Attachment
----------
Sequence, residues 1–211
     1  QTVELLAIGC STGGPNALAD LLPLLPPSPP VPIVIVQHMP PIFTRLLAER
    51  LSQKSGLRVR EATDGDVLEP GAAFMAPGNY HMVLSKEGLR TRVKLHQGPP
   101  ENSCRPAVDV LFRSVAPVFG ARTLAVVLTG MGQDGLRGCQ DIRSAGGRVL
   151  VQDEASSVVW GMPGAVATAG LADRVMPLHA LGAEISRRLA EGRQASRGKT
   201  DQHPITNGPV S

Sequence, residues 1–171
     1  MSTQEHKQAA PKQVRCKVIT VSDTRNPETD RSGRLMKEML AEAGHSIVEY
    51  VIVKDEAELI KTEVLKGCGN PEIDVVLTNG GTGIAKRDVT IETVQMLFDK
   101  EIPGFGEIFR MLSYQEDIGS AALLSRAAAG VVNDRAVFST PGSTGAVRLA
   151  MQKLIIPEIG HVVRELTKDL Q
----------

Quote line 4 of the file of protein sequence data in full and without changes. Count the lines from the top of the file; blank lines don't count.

   101  ENSCRPAVDV LFRSVAPVFG ARTLAVVLTG MGQDGLRGCQ DIRSAGGRVL